As part of Heberprot-P Havana 2012 International Congress, the CIGB is organizing a pre-congress Workshop on Bioinformatics and Biotechnology Applications. These tools are widely used in studies related to the EGF-EGFr system and will be of relevant importance in the future development of new therapeutics. The course will cover topics such as: computational proteomics and genomics, data integration, expression data analysis and regulatory networks, protein-protein interaction networks, mathematical models of biochemical pathways, drug design, virtual screening, docking and QSAR. Bioinformatics and OMICS, Havana 2012 will be held from December 8th to 11th 2012 at Occidental Miramar Hotel. (Workshop Site)
Monday, 3 December 2012
Saturday, 25 August 2012
Actually, It is a common practice the integration of the statistical analysis of the resulted data and in silico predictions of the data generated in your manuscript and your daily research. Mass spectrometrist, biologist and bioinformaticians commonly use programs like excel, calc or other office tools to generate their charts and statistical analysis. In recent years many computational biologists especially those from the Genomics field, regard R and Bioconductor as fundamental tools for their research.
R is a modern, functional programming language that allows for rapid development of ideas; it is a language and environment for statistical computing and graphics.The rich set of inbuilt functions makes it ideal for high-volume analysis or statistical studies.
Thursday, 9 August 2012
I want to share with you an excellent presentation from Professor Alexey Nesvizhskii (Dept. of Pathology, University of Michigan). Even when this presentation is from 2009, some concepts like protein inference, label free quantification are now generating an important number of new algorithms are tools. Also, it is an excellent starting point for biologist and developers about Computational Proteomics Algorithms and Methods.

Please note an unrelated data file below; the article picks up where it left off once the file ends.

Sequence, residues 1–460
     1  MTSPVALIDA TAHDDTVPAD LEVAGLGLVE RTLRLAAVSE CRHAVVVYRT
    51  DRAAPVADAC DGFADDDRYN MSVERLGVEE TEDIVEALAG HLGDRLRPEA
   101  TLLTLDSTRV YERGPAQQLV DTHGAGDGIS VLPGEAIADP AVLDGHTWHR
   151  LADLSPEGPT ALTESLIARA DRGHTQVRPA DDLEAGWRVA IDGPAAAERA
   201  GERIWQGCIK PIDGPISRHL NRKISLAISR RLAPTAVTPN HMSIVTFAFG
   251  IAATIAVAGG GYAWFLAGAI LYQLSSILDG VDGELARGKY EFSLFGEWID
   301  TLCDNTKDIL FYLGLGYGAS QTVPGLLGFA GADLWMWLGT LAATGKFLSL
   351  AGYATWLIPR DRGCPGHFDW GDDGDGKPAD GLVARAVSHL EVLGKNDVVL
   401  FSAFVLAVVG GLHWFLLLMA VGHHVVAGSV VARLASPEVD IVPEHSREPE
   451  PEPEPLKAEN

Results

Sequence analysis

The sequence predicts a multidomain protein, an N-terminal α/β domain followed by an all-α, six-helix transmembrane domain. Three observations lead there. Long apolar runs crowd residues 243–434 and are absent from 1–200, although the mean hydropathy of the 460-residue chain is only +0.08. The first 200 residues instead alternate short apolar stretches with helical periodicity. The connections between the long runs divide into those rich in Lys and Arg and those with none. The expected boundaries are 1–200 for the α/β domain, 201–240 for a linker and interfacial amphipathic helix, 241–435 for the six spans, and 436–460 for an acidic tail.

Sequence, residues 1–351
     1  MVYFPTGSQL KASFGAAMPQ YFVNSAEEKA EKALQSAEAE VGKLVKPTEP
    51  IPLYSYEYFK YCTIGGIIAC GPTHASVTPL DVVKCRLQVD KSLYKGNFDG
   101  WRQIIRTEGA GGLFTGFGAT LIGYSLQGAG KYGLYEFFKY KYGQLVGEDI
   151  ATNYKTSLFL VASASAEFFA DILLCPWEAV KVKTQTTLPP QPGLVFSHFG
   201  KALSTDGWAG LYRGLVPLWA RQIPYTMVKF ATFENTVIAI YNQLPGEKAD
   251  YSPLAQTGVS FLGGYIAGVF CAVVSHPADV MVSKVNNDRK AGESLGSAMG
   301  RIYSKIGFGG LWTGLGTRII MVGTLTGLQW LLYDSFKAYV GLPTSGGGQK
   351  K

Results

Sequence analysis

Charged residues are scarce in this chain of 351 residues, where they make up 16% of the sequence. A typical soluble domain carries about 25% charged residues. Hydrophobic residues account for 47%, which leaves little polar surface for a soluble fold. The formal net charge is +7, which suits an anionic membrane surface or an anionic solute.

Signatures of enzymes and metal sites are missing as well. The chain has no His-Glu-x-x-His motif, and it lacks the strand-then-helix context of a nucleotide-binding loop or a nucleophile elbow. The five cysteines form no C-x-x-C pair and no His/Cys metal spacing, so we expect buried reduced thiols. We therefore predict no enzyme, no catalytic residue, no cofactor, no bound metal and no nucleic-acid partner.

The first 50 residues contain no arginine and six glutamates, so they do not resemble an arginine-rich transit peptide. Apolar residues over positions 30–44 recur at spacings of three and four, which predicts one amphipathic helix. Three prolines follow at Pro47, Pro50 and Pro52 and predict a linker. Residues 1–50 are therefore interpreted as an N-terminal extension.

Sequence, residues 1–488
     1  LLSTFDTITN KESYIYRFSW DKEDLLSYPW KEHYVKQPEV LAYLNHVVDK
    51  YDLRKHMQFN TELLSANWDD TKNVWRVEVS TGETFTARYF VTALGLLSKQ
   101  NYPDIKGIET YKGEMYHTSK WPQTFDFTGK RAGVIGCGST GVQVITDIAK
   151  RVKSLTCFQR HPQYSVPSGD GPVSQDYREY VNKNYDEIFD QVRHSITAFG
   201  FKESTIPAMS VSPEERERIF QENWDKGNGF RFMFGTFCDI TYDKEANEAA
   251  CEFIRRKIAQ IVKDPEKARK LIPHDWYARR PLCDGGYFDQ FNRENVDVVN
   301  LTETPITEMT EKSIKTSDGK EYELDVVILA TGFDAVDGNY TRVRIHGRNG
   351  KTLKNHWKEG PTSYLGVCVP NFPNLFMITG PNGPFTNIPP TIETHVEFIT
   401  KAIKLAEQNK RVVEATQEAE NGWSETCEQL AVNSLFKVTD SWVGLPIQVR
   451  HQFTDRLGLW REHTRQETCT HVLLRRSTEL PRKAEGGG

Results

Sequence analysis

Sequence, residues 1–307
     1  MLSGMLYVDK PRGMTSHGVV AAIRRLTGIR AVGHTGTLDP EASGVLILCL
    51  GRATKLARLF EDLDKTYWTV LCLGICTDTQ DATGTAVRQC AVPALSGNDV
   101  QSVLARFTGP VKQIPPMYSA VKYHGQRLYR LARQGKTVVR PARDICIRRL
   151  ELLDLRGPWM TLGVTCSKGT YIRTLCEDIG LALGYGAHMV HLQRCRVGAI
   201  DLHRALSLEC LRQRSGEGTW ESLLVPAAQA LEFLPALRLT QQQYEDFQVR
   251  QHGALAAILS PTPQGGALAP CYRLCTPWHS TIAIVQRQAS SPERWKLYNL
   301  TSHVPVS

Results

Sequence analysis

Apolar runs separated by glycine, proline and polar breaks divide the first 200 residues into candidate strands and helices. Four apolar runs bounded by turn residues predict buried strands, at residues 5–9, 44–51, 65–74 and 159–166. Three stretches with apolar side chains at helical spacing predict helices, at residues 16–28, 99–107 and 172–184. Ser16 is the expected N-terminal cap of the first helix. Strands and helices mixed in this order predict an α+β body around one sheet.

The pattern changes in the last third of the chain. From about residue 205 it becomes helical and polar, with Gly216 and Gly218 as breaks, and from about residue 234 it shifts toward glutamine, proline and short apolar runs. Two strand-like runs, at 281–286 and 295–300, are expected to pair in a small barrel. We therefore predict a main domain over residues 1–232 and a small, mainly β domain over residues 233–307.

Publicado por Yasset Perez-Riverol en Thursday, August 09, 2012
Monday, 21 May 2012
One of the small hidden details in publications, even in those with a higher impact, is the use of "in-house programs". What is an "in-house" program or tool: Normally is a piece of software that researchers use to analyze process or visualize the experimental data, but most important the software it-self is not published.
The term by itself is inoffensive, but the concept could be extremely dangerous. We can cite hundreds of manuscripts that included in the data analysis "in-house" tools, but never the terms "in-house instruments". The authors always needs to cite the manufacturer, the reagents, even the year and the company. I know, we have a section to describe data processing but mostly we cite some parameters, and the well known software like search engines (Mascot, X!Tandem, Sequest, etc). But at some point of this section several times you can find the term "in-house" tool. It could be a reference to an excel formula or to a complete and complex java program with many tasks like parsing a search engine output, computing the FDR, removing false-positive identifications, computing peptide-spectrum-match redundancy, etc. The are not a real/objective measure to distinguish between a little-simple tool and a complex tool one.
Wednesday, 25 April 2012
In contrast with genomics, bioinformaticians in proteomics don’t have a "big" and "complete" perl library for proteomics data analysis. It could be related with the "heterogeneity" in proteomics. A lot of different instruments, protocols, properties. Also genomic have a huge community (bioinformaticians) and standardize tools (instruments and software’s). In 2006 Collinge and Masselot published an open-source perl library named InSilicoSpectro. The aim was provide a set of recurrent functions that are necessary for proteomics data analysis.
Some of the Illustrative functions are: mz list file format conversions, protein sequence digestion, theoretical peptide and fragment mass computations, graphical display, matching with experimental data, isoelectric point estimation (with different methods), and peptide retention time prediction.